« Reply #9 - Posted 2007-09-03 12:39:38 »

Definitely check out the online chapters of Killer Game Programming in Java, as suggested. It's excellently written, and  will answer many of your questions, although it's obviously not a MMORPG tutorial.

Although I agree that beginning with a 3D MMORPG is quite a safe bet of never finishing it, there's nothing wrong with still going ahead to learn about the techniques involved in creating such a thing. It seems you're realistic enough to realize that its impossible to pull off by yourself (or probably anyone by himself).

If you just want to learn about 3D MMORPGs, by all means go ahead. But you'll have to get way beyond the basic constructs of a language before even considering to start writing the MMORPG, because the language is the easy part.
If you actually want to write a game, then start with Asteroids or something Smiley

I wouldn't even consider writing a 3D MMORPG myself, because I know it's impossible for me to do alone and I'd just get frustrated. It'd be like attempting to build a space shuttle just after having learned how to replace spark plugs in a car.

Games published by our own members! Check 'em out!
Legends of Yore - The Casual Retro Roguelike
Offline JAW

Senior Devvie

Medals: 2

« Reply #10 - Posted 2007-09-19 13:08:34 »

Have no money? I bought my books second hand, its cheaper. Totally no money? Well I know a good basic java book online, but its in german. But I bet you can find a book in english, too.

Second, try this:
Its completely online and better than nothing. But its advanced, you need basic Java knowledge first.

Additionally: There are some Java Programming Tutorials for simple games like pong or some space arcade stuff. They come in chapters and are easy to learn. I dont know the URLs but you can find them using google. At least spent some time researching.

In the end, YOU have to make a little game. Anything. Chess, Pong, a little Jump n Run or Shoot em Up. Anything. You will have a lot of questions answered by then. And there is no big difference between a spaceship bitmap on the screen and a 3d model. The basics remain similar.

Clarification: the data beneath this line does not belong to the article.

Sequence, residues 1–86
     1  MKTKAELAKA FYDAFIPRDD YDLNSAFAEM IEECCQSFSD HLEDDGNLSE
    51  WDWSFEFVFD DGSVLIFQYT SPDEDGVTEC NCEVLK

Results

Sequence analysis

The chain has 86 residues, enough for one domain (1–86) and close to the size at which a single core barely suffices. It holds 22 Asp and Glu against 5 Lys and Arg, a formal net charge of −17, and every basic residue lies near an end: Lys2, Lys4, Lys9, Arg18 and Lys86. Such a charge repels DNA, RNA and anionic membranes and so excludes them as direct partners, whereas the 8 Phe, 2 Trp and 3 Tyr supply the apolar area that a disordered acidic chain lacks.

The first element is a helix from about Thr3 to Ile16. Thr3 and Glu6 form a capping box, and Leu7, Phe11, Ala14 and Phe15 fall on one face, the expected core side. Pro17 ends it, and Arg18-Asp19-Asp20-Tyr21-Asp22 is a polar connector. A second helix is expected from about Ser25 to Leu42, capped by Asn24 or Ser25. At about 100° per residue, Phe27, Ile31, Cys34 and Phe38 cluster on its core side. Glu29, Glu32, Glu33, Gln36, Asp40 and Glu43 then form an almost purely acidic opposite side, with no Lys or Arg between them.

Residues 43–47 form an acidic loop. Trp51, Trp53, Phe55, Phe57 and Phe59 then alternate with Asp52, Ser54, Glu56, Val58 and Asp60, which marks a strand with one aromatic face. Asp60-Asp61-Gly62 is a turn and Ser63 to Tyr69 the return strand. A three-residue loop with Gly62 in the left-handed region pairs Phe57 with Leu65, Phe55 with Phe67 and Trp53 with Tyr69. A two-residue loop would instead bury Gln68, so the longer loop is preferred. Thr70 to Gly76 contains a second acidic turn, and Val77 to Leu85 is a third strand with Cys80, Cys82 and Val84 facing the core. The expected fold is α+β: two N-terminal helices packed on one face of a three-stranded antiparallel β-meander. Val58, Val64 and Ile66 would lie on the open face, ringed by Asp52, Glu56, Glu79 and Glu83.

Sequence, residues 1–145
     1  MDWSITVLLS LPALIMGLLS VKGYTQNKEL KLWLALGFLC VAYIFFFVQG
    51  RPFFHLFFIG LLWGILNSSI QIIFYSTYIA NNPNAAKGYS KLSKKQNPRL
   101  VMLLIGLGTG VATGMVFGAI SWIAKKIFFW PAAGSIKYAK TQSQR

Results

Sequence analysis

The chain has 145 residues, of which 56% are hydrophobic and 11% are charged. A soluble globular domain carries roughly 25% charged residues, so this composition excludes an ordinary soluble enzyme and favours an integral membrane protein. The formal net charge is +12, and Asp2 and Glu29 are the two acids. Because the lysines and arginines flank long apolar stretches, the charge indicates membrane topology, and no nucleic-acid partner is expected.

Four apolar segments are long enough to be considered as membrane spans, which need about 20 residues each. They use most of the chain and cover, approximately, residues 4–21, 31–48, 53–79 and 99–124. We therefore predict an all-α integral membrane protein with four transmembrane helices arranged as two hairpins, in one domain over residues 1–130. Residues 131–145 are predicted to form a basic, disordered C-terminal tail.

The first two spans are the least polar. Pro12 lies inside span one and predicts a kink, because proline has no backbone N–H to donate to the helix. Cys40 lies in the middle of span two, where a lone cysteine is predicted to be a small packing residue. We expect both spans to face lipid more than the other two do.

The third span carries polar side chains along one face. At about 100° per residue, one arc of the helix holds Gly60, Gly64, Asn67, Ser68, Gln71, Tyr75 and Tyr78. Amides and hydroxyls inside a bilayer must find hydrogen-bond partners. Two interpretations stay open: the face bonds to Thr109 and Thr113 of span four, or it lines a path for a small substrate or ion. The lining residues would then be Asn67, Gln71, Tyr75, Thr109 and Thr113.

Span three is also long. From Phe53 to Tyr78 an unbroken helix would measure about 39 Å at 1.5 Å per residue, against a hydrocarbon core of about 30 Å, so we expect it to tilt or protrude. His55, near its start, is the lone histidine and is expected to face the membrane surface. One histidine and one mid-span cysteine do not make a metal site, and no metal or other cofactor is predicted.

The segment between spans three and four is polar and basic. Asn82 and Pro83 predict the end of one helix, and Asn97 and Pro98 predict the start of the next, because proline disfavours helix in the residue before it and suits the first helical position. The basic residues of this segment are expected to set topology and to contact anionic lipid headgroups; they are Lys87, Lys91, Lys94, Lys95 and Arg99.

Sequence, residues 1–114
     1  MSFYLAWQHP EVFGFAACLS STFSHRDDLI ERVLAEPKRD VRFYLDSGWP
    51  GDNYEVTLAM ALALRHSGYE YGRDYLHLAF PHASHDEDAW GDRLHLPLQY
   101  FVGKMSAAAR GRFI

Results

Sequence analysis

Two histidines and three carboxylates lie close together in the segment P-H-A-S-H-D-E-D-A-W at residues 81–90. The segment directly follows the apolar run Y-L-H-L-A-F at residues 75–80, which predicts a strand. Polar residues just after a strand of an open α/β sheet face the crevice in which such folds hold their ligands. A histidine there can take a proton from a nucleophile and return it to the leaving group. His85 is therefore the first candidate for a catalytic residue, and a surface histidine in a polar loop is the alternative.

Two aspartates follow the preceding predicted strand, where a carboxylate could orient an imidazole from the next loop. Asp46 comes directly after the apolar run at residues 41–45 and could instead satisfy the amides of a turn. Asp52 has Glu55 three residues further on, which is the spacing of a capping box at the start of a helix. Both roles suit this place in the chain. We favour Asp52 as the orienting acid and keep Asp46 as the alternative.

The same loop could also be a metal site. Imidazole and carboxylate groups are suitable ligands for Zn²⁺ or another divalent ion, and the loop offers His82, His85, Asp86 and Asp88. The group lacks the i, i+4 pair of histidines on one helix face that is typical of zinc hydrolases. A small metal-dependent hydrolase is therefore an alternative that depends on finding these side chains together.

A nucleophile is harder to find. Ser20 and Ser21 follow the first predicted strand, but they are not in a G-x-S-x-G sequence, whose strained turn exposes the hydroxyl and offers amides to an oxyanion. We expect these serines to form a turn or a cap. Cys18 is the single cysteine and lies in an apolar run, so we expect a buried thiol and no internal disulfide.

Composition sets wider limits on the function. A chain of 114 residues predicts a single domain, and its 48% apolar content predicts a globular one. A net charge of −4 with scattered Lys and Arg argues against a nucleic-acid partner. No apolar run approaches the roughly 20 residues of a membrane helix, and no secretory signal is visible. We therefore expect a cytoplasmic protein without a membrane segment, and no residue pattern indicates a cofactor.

Generally, your cube will have some sort of display information like a model, textures, etc. It will have a position, direction, maybe speed. Your rendering engine will then render the cube dependent on its position, direction and the current camera position. Object and visualisation have to be seperate. You object only contains object relevant information. In fact the cube object does not care much how it will be brought on the screen.

Offline cylab

JGO Wizard

Medals: 89

« Reply #11 - Posted 2007-09-20 09:28:36 »

But unfortunately, money is tight right now, so I've been trying to do things on my own.
I don't know where you live, but maybe you could lend a book in your public library?

Mathias - I Know What [you] Did Last Summer!
Offline nomukun1138

Innocent Bystander

« Reply #12 - Posted 2007-12-02 00:05:35 »

Yes, the library is a good suggestion.  I've found many programming books at different experience levels, including Killer Java Game Programming.  It was a 2004 edition, if I remember correctly.  I live near Seattle, but I found great books even when I lived in Oklahoma City.  Most major libraries will ship books from anywhere in the area, so check the online catalogs.  There are also online tutorials (OOP, frames, threads, GUI at Sun's site, algorithms at Top Coder, and I think there are some here at JavaGaming.)
Pages: [1]
  ignore  |  Print  
You cannot reply to this message, because it is very, very old.

Roquen (12 views)
2015-08-29 11:30:54

GamerC4 (23 views)
2015-08-22 20:38:50

GamerC4 (22 views)
2015-08-22 20:37:18

GamerC4 (26 views)
2015-08-22 20:37:01

Kefwar (30 views)
2015-08-22 18:07:24

GamerC4 (24 views)
2015-08-22 01:00:24

GamerC4 (37 views)
2015-08-22 01:00:17

GamerC4 (24 views)
2015-08-22 00:57:35

GamerC4 (25 views)
2015-08-22 00:56:59

BurntPizza (29 views)
2015-08-21 01:38:01
HotSpot Options
by Roquen
2015-08-29 11:33:11

Rendering resources
by Roquen
2015-08-17 12:42:29

Rendering resources
by Roquen
2015-08-17 09:36:56

Rendering resources
by Roquen
2015-08-13 07:40:51

Networking Resources
by Roquen
2015-08-13 07:40:43

List of Learning Resources
by gouessej
2015-07-09 11:29:36

How Do I Expand My Game?
by bashfrog
2015-06-14 11:34:43

List of Learning Resources
by PocketCrafter7
2015-05-31 05:37:30 is not responsible for the content posted by its members, including references to external websites, and other references that may or may not have a relation with our primarily gaming and game production oriented community. inquiries and complaints can be sent via email to the info‑account of the company managing the website of java‑
Powered by MySQL Powered by PHP Powered by SMF 1.1.18 | SMF © 2013, Simple Machines | Managed by Enhanced Four Valid XHTML 1.0! Valid CSS!